Overall Score 64%
Billed as an Action/RTS, Titan Assault feels like the bastard child of Dune 2 and any one of a million scrolling shoot-em-ups, with just a pinch of a linear puzzle game in there just in case it wasn't all confusing enough already. Let's get this straight, this isn't your average Command-and-Conquer clone, and unfortunately in this case that's not such a good thing.
It's not that Titan Assault is a bad game exactly, it's simply that it seems like it's attempting to be all things to all people and ends up feeling rather empty. For the RTS crowd, the strategic depth simply isn't there, with only very straightforward, linear ways available to complete each mission. The action gamers, however, are hardly going to be satisfied with the sluggishness of their units.
For a start, there's no base-building involved. None, nada, zilch. All units are ordered - and delivered - from offscreen, bought with points earned from blowing up the bad guys and carried over from mission to mission. Technology upgrades for your units are bought from the same pool, which tends to leave the player in the difficult position of not wanting to buy any units at all, and get by with those provided by default at the beginning of a level. This leads to the aforementioned linearity of play and is unfortunately coupled with some woefully bad design choices. For example, restarting a level costs money that you could otherwise use to buy units or upgrades, but if most players are simply going to learn to save at the beginning of each level, why bother including such a feature at all?
Unit control can be accomplished by the standard point-and-click interface common to pretty much every RTS since the dawn of time, or - with a deft right-click - the player can assume direct control of one or more of his units, moving them around via the cursor keys or the traditional FPS WASD combination. This is often the best option, because left to their own devices the player's units have all the pathfinding skills of a lobotomized goldfish. Poor pathfinding algorithms have killed better strategy games than this, and considering the flat, featureless nature of Titan Assault's terrain it boggles the mind as to how units can get lost, or stuck, or just start going backwards for no good reason.
Direct control of units in an RTS is an interesting concept, possibly a first for the indie scene, and it works quite well here. Choppers controlled by the player are capable of jinking around enemy fire, and will merrily return fire without prompting or - if the player prefers - the mouse can be used to specify a target.
Using the system with - for example - a tank though is an exercise in futility. Many of the land units move at a snail's pace and turn like a cow, couple this with the fact that they generally fail to hit a moving target and it's often easier to simply park them in front of the enemy and let them slug it out. There's a certain visceral thrill in watching your units descend en masse on the enemy, but it's not strategy.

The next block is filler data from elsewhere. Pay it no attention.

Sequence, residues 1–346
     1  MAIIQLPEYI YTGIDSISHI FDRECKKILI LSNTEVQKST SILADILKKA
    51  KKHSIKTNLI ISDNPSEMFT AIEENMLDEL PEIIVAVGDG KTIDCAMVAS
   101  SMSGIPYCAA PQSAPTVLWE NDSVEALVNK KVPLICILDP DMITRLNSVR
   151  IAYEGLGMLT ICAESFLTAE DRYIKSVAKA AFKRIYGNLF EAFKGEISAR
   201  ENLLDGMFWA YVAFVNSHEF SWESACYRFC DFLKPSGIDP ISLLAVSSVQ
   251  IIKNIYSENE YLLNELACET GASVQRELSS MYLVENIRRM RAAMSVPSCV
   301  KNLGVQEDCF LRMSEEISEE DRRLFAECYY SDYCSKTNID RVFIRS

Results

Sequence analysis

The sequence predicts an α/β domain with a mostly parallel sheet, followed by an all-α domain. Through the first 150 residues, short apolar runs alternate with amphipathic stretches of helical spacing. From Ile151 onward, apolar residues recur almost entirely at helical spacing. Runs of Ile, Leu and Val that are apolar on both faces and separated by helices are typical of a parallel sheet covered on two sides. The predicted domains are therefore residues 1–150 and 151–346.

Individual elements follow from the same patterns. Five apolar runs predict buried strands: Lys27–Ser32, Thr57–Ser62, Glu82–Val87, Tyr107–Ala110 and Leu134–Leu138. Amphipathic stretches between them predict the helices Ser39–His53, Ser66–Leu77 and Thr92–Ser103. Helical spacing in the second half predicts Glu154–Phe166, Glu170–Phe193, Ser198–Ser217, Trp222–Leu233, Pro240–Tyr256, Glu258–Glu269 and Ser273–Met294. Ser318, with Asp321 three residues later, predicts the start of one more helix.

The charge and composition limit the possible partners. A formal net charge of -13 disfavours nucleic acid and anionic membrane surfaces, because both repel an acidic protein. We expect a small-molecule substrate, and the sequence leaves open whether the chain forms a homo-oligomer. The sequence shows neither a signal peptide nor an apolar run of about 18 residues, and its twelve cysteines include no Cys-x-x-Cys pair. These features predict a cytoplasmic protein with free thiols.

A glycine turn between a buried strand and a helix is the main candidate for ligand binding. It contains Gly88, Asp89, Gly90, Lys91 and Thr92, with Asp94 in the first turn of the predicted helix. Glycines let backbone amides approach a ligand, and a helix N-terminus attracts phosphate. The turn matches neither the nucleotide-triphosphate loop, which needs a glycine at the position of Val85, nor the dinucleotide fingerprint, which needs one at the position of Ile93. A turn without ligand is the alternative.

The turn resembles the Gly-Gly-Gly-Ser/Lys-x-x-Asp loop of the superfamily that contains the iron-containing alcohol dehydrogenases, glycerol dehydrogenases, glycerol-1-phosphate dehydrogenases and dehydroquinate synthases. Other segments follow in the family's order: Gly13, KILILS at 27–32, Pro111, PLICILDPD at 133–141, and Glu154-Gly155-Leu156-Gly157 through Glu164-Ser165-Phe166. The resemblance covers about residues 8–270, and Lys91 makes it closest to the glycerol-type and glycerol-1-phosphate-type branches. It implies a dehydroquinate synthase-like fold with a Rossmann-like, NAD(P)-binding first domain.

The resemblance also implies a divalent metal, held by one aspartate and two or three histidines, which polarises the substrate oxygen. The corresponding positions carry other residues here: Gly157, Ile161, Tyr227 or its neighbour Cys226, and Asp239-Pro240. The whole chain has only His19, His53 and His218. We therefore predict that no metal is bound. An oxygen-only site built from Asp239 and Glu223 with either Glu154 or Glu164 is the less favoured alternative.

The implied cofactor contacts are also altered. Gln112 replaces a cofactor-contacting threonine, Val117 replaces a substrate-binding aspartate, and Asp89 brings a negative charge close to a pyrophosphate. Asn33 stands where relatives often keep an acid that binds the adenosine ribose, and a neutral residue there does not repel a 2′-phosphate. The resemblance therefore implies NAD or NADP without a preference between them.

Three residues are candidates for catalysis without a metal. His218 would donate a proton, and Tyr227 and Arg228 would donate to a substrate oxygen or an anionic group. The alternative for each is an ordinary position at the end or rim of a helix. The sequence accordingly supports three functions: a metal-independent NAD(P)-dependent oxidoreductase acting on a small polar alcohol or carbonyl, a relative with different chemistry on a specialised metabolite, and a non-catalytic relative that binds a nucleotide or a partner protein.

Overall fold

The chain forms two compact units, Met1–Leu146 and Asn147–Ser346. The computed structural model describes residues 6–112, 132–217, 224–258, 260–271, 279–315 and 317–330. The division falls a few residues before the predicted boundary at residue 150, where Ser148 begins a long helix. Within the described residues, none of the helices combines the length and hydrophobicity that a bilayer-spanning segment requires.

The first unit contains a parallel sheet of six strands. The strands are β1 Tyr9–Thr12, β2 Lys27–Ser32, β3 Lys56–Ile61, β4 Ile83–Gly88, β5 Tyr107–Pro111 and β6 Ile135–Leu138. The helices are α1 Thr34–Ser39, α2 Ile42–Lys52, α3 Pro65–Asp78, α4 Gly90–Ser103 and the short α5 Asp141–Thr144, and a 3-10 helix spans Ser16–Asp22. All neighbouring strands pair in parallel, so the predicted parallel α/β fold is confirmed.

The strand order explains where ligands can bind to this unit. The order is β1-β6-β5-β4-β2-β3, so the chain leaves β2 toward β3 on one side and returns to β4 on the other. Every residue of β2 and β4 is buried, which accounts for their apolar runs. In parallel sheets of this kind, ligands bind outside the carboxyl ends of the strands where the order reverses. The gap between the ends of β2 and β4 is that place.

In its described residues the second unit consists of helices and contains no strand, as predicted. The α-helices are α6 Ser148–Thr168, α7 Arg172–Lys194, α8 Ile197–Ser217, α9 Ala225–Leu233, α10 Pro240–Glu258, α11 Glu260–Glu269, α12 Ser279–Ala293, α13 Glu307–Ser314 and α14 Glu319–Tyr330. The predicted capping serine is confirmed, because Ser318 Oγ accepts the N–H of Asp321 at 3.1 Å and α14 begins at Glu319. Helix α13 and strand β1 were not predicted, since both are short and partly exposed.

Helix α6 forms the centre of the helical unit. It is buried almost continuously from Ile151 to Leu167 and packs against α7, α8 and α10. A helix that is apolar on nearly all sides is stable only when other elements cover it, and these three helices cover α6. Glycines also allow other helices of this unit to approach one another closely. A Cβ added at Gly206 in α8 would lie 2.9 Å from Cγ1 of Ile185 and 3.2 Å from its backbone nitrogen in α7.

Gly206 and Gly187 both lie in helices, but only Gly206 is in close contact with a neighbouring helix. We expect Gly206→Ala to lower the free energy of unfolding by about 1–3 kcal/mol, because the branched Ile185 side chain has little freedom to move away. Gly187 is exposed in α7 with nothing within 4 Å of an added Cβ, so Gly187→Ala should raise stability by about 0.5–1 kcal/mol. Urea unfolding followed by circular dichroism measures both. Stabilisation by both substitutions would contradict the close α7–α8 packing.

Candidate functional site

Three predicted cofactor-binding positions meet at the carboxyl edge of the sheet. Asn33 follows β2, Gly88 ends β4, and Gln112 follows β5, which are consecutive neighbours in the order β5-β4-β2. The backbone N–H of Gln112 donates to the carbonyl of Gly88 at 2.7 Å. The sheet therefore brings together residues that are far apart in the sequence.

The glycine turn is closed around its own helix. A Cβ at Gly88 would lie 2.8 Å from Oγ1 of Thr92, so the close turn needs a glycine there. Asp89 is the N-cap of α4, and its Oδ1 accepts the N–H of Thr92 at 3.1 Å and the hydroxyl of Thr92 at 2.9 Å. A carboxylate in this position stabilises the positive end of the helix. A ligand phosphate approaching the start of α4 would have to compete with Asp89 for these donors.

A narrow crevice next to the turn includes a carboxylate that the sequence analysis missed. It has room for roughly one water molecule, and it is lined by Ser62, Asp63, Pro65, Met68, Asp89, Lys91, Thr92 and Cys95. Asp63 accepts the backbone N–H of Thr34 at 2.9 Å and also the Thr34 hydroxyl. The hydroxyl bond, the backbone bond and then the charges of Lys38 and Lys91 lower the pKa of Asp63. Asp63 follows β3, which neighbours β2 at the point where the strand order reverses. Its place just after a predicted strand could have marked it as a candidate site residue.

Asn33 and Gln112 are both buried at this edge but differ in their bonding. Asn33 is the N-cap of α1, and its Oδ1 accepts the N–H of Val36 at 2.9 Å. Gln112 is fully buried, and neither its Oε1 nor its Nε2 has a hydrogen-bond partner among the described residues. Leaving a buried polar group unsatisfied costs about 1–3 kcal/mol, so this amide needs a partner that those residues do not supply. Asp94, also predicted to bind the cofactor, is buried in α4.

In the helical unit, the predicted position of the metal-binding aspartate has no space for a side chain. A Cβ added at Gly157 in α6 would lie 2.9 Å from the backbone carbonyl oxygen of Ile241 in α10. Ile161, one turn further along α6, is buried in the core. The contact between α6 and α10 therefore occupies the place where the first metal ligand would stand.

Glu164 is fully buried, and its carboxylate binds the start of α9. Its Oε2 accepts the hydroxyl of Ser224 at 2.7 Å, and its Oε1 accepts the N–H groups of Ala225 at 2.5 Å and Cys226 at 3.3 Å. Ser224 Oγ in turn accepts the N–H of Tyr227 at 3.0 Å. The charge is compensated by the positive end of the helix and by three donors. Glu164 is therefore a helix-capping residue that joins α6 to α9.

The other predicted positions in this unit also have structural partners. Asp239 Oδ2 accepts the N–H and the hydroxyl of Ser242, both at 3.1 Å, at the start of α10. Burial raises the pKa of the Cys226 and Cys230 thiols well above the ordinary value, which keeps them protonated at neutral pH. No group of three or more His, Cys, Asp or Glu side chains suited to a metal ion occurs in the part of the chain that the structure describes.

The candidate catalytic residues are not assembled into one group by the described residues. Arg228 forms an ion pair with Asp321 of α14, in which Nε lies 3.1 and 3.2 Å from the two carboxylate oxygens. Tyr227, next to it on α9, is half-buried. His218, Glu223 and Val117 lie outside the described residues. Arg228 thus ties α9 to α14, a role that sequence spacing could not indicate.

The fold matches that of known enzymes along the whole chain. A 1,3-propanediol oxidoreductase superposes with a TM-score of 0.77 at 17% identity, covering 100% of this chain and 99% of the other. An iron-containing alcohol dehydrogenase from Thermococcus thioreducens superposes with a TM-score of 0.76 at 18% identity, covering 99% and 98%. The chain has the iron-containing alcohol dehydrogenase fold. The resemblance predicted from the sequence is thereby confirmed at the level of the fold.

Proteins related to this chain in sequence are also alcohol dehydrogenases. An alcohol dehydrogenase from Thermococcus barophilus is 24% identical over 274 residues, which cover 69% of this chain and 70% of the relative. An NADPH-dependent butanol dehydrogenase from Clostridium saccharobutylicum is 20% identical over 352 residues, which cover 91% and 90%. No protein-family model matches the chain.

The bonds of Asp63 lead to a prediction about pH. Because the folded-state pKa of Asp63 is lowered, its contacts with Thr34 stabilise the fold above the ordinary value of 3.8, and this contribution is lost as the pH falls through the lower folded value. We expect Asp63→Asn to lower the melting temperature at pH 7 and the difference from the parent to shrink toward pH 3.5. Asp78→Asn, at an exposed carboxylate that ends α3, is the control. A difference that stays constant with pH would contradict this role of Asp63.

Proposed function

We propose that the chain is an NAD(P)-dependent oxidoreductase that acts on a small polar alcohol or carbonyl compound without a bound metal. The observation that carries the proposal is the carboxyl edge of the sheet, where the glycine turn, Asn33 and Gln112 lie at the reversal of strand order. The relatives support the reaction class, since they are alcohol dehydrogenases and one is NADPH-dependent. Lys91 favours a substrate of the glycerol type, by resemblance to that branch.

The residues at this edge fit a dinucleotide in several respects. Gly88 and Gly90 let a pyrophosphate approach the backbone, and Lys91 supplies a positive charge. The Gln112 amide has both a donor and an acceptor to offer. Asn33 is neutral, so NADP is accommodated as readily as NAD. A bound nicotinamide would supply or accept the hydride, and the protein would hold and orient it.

Whatever flaws Titan Assault possesses in terms of gameplay mechanics it manages to partway compensate for with some extremely professional presentation. The interface itself screams 'retro' (in the good sense), and the in-game graphics are well-drawn and rather cute - in a militaristic kind of way. Everything from shield effects to the perennial alien green blobs of death are as good as anything else on the independent scene right now, and the sound effects range from merely appropriate to thoroughly meaty and satisfying. The only place Titan Assault falls down is in the variety, for as good-looking as everything is it's all very, very samey and rather bland, with some levels composed of nothing more than a near-featureless square of desert. I also encountered a pretty major graphical bug playing the game on my Radeon 9800 Pro with the game textures set to the highest detail settings wherein some textures would not display, so take heed.
With 60 levels to play with, there's no shortage of longevity, but those 60 levels vary so slightly from each other there's no real hook to keep you playing. Unlocking new unit types is equally uninspiring, with some of the 14 units being taken up by 'upgraded' (read 'tougher, and a different colour') versions. The game balance feels all off as well, ranging from the cripplingly difficult on the early missions to the laughably easy once the player has a few technology upgrades under his belt. It's disappointing, because there's a solid engine here, full of pretty explosions, chattering machine guns and impressive unit design. If a bit more time had been spent on the actual gameplay mechanics, this could have been a gem of an offering. As things stand, however, it's merely a very average, distinctly un-strategic RTS coupled with an equally mediocre shooter devoid of any real action. Worth a try, but not worth the price.
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